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Town Hall Seattle: Science Series

The Science series presents cutting-edge research about biology, physics, chemistry, ecology, geology, astronomy, and more. These events appeal to many different levels of expertise, from grade school students to career scientists. With a range of relevant applications, including medicine, the environment, and technology, this series expands our thinking and our possibilities.

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Town Hall is a gathering place where ideas are planted and movements grow. It’s where we come together as a community to listen and be heard—to ask and answer the big questions facing our city and our world. Annually, we present hundreds of artists and scholars, and collaborate with more than 150 grassroots groups in our self-produced programs. Rooted in the belief that we all deserve a voice, our programming reflects—and inspires—our region's best impulses: creativity, empathy, and innovation. With our podcast series, we take one more step towards making our programming accessible to all. 

Jun 25, 2018

Deep in tropical jungles around the world are birds with a dizzying array of appearances and mating displays: Club-winged Manakins who sing with their wings, Great Argus Pheasants who dazzle prospective mates with a four-foot-wide cone of feathers covered in golden 3D spheres, Red-capped Manakins who moonwalk. In his thirty years of fieldwork, Yale University ornithologist Richard Prum has witnessed numerous such display traits that seem to contradict a classically upheld scientific dogma—that Darwin’s theory of natural selection explains every branch on the tree of life and accounts for the evolution of every trait we see in nature.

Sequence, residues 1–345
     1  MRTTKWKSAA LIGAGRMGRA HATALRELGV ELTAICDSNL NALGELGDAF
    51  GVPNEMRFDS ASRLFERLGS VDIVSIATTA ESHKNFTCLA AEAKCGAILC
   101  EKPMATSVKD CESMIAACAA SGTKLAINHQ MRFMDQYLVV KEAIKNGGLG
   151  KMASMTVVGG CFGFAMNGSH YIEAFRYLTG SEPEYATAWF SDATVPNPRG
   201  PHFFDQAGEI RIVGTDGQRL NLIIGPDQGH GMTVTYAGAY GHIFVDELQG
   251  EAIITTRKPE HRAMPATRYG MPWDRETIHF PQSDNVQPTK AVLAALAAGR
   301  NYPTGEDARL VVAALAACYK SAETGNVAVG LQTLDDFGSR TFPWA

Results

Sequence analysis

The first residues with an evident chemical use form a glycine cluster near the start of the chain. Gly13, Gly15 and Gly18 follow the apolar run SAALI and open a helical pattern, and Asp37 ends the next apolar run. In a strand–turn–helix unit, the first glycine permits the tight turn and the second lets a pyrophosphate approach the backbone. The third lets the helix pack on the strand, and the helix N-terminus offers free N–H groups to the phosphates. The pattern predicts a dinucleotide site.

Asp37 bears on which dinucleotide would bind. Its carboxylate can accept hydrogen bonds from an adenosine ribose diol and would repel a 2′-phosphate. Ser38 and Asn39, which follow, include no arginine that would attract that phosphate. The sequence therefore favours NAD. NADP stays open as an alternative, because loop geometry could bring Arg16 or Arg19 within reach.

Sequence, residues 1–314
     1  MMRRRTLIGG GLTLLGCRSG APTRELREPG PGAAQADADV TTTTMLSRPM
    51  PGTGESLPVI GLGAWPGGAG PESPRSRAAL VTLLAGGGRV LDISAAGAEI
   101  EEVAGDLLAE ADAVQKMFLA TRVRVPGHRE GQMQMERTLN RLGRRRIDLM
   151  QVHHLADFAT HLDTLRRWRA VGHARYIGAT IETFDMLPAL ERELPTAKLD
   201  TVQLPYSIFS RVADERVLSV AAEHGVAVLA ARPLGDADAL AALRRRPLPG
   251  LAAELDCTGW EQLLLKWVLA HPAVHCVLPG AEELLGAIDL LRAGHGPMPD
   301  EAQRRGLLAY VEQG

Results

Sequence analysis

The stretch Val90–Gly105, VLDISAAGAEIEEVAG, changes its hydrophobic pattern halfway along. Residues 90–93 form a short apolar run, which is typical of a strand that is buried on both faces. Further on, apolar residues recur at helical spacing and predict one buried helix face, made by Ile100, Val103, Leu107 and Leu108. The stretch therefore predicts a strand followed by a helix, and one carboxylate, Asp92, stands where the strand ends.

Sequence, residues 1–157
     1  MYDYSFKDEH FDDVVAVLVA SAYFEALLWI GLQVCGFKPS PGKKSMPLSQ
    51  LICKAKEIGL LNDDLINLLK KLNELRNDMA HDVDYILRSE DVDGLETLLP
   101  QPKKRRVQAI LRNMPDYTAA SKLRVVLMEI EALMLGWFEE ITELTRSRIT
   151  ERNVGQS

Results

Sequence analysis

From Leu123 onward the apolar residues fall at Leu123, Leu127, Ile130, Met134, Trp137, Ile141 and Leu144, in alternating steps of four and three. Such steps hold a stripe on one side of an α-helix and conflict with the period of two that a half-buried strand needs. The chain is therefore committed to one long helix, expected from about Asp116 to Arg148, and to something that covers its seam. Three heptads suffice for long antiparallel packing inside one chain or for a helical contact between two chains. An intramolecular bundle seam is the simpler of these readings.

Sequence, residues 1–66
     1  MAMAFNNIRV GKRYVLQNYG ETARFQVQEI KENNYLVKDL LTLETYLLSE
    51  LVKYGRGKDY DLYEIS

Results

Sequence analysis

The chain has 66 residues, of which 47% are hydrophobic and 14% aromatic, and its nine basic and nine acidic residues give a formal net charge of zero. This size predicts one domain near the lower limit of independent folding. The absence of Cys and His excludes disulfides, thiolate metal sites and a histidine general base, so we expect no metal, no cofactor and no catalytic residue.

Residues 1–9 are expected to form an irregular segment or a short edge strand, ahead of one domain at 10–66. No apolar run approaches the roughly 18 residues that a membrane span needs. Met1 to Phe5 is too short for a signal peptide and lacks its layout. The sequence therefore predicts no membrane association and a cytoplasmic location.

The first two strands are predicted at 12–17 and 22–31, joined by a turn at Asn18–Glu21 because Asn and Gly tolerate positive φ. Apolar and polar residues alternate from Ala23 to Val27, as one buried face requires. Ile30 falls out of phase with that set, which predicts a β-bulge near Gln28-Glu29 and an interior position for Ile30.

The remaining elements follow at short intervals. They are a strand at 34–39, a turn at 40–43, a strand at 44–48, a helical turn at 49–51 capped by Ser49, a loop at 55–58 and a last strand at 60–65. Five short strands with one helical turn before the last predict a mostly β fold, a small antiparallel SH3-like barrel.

Prum joined us to share findings from his book The Evolution of Beauty and dusted off Darwin’s long-neglected theory of sexual selection, in which the act of choosing a mate purely for aesthetic and pleasurable reasons is an independent engine of evolutionary change. He explored how, according to Darwin, mate choice can drive the formation of traits that are ornamental rather than purely adapted for survival, and how the sexual autonomy of the female evolves in response to male sexual control. Prum showed us how this framework grants us insight even into the evolution of human sexuality—how female preferences have changed male bodies, and even maleness itself, through evolutionary time. Join Prum for a unique scientific vision of nature’s splendor that has the potential to contribute to a more complete understanding of evolution and of ourselves.

Richard O. Prum is William Robertson Coe Professor of Ornithology at Yale University, and Head Curator of Vertebrate Zoology at the Yale Peabody Museum of Natural History. He has conducted field work throughout the world, and has studied fossil theropod dinosaurs in China. He received a MacArthur Fellowship in 2010.

Recorded live at PATH by Town Hall Seattle on Monday, June 11, 2018.